Don Phillips is President of Equity and Mutual Fund Research for Morningstar, Inc.
Nevertheless, picking on the stars is, quite simply, an easy way to garner headlines. We never made any claims that the ratings were predictive of short-term performance or that they can take the place of a skilled advisor. We merely say that the ratings offer a quick summation of favorable attributes, and, as such, form a better starting point for fund research than the short-term raw performance numbers that investors formerly used as their primary research tool. Perhaps, if the true intent of these critics was promoting sound investment counsel, they'd take a more generous stance toward the stars.
After all, one would be hard pressed to find a system that pointed investors toward a more impressive set of attributes than do the stars. Obviously, the stars highlight funds with better historical performance--that's in the methodology--but that is most likely the stars' weakest virtue, as top performers tend to cool and weaker performers often make changes that improve performance.
Of more enduring value is how the ratings favor lower-risk funds. As our work with dollar-weighted returns has shown, lower-volatility funds are much more likely to keep investors on board to actually realize the benefits of fund ownership. Higher-rated funds not only have better historical returns, but they have better investor returns than low-rated funds, meaning that they identify funds that investors are apt to deploy more successfully.
Less well appreciated, but of even greater value, is how the star ratings systematically point investors toward lower-cost funds--a virtue that even their sternest critics should concede. They also showcase funds with more seasoned managers who trade less (especially on the equity side) and who are more willing to invest their own capital alongside shareholders'--virtues that have gone largely unrecognized, but ones that clearly have merit.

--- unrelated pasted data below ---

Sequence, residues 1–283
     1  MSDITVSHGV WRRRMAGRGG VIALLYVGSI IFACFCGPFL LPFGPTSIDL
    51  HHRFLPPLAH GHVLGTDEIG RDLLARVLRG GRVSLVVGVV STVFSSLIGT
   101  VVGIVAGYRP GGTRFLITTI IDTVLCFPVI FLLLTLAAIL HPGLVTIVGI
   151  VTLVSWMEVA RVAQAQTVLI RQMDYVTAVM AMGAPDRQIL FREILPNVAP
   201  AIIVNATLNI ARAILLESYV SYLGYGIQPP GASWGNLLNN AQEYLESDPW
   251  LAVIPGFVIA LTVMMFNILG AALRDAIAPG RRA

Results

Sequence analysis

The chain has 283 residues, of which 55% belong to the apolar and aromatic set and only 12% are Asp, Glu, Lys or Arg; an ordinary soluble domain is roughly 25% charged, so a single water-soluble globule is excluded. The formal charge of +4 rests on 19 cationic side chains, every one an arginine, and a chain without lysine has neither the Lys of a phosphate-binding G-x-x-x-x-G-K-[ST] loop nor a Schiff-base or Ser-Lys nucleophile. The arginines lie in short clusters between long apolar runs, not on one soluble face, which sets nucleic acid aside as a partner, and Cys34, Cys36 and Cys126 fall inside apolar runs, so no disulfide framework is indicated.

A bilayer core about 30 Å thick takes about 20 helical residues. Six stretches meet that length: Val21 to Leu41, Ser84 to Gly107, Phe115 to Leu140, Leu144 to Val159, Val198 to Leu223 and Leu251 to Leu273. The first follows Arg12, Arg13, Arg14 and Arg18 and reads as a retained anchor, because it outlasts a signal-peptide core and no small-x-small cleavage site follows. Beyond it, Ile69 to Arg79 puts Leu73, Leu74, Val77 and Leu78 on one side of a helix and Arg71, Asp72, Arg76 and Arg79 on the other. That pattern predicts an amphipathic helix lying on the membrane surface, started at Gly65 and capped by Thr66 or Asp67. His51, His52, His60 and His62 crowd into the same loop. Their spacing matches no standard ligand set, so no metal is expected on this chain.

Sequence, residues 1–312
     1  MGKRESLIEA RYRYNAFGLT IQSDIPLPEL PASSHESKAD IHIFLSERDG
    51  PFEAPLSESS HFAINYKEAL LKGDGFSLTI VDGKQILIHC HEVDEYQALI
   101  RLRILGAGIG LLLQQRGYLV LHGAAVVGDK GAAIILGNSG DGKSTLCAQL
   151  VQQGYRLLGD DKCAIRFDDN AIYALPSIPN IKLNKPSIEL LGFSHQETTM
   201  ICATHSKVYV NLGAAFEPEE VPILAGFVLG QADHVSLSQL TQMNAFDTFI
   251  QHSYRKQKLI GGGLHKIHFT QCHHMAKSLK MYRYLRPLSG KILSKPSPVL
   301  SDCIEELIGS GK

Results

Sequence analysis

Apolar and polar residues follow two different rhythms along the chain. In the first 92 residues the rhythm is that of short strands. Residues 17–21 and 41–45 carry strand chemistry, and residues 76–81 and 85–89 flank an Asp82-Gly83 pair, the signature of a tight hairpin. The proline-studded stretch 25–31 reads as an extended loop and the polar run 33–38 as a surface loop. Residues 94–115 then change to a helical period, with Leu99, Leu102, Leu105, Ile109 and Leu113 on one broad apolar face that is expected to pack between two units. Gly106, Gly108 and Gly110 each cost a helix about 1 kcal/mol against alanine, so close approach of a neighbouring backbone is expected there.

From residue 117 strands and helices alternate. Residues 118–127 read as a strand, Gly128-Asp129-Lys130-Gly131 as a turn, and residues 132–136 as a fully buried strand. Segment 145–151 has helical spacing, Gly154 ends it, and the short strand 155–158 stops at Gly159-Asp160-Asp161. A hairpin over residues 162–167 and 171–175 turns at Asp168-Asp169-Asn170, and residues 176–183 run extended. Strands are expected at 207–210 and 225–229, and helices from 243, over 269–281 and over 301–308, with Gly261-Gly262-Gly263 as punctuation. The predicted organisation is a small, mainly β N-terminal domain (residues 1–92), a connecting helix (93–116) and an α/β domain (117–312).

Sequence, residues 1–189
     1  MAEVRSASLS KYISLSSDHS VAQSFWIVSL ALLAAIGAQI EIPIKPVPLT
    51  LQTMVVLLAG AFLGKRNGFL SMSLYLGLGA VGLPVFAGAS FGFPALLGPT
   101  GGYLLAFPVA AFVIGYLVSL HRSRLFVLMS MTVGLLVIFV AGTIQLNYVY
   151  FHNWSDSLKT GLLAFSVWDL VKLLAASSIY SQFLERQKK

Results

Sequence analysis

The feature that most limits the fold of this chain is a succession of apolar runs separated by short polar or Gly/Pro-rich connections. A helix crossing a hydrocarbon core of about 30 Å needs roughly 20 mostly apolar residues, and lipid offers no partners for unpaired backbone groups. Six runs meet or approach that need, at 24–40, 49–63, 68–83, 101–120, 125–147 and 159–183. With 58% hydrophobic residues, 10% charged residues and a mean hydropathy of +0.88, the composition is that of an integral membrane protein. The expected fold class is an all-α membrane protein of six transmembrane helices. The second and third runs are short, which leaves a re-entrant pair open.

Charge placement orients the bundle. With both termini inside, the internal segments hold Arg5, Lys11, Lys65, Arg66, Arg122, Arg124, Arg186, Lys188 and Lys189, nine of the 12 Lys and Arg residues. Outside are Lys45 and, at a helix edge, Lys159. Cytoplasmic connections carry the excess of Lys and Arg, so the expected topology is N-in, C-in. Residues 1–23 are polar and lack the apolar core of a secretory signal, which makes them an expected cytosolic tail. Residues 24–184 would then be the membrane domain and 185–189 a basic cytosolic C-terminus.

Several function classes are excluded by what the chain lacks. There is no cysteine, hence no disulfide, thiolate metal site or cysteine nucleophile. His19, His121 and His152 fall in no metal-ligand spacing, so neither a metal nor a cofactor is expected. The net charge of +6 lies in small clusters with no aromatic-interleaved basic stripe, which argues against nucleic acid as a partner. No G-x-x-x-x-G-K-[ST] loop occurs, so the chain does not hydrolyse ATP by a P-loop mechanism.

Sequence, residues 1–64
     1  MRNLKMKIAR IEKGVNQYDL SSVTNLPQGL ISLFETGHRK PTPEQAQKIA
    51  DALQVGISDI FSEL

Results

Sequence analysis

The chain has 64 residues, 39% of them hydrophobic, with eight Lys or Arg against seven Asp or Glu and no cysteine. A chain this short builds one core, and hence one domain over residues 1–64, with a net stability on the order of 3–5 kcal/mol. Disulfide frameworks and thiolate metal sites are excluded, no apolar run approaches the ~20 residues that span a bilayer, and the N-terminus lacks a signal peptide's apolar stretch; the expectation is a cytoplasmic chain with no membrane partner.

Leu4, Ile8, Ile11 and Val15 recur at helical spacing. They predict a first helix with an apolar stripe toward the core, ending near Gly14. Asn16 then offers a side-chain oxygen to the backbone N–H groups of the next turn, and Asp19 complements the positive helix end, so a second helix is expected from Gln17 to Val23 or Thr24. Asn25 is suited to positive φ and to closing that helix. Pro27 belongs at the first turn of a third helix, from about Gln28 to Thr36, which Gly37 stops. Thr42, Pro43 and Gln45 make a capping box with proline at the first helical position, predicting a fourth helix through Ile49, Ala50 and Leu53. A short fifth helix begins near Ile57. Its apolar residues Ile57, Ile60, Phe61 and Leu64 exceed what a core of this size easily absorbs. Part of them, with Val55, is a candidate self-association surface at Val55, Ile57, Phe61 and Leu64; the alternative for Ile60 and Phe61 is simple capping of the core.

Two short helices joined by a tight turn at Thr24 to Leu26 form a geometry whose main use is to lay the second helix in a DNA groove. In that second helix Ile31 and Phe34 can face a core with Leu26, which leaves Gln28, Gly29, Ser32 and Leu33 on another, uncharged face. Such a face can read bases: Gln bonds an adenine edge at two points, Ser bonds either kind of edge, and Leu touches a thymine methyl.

Let's look at costs first. As seen in the chart below, expense ratios line up inversely with star ratings, as do front-end loads and deferred loads. The stars clearly point investors toward lower-cost options, something that short-term performance rankings, which the star ratings effectively replaced, do not.
Moreover, because stars are associated with lower turnover, there is less frictional trading cost in higher-rated funds than in low-rated ones, further adding to the cost advantages of higher�rated funds. (This trend is somewhat obscured when you look at all funds together, as the relationship between ratings and turnover is weaker on bond funds--many 5-star bond funds like PIMCO's have high turnover--but it is extremely strong on stock funds, with an average turnover rate of 87% for 5-star funds and 153% for 1-star funds.) Few tools have done more to encourage investor thrift than have the stars.
Next, consider manager tenure and manager investment in their own funds and how these attributes correlate with the stars. As fund companies tend to retain managers with better ratings and dismiss those with weaker ones, investing in a higher-rated fund means you're likely to get a more seasoned manager. Prioritizing better-rated funds also means you're apt to get a fund where the manager has more skin in the game. The numbers below are derived from the recently required disclosure of manager stakes in their funds. There's a strong linear relationship between star ratings and a manager's willingness to put his or her own money on the line. Clearly, the stars identify characteristics that fund companies and fund managers themselves value.
Given the difficulty of making complex investment decisions, investors are always going to seek an easier path--the only question is which one. Few short cuts are more defensible or lead investors to a more attractive set of attributes than the Morningstar star rating. Imagine if fast food outlets offered up fare that was systematically lower in fat and calories and higher in vitamins and fiber than what diners would otherwise choose. That's essentially what the stars offer. They're not perfect, but they're directionally right.
So, the next time you hear someone bashing the stars, you might want to ask if they are doing this for self-promotion, or if they genuinely are opposed to better investor returns, lower risk, lower cost, lower turnover, longer manager tenure, and greater manager investment.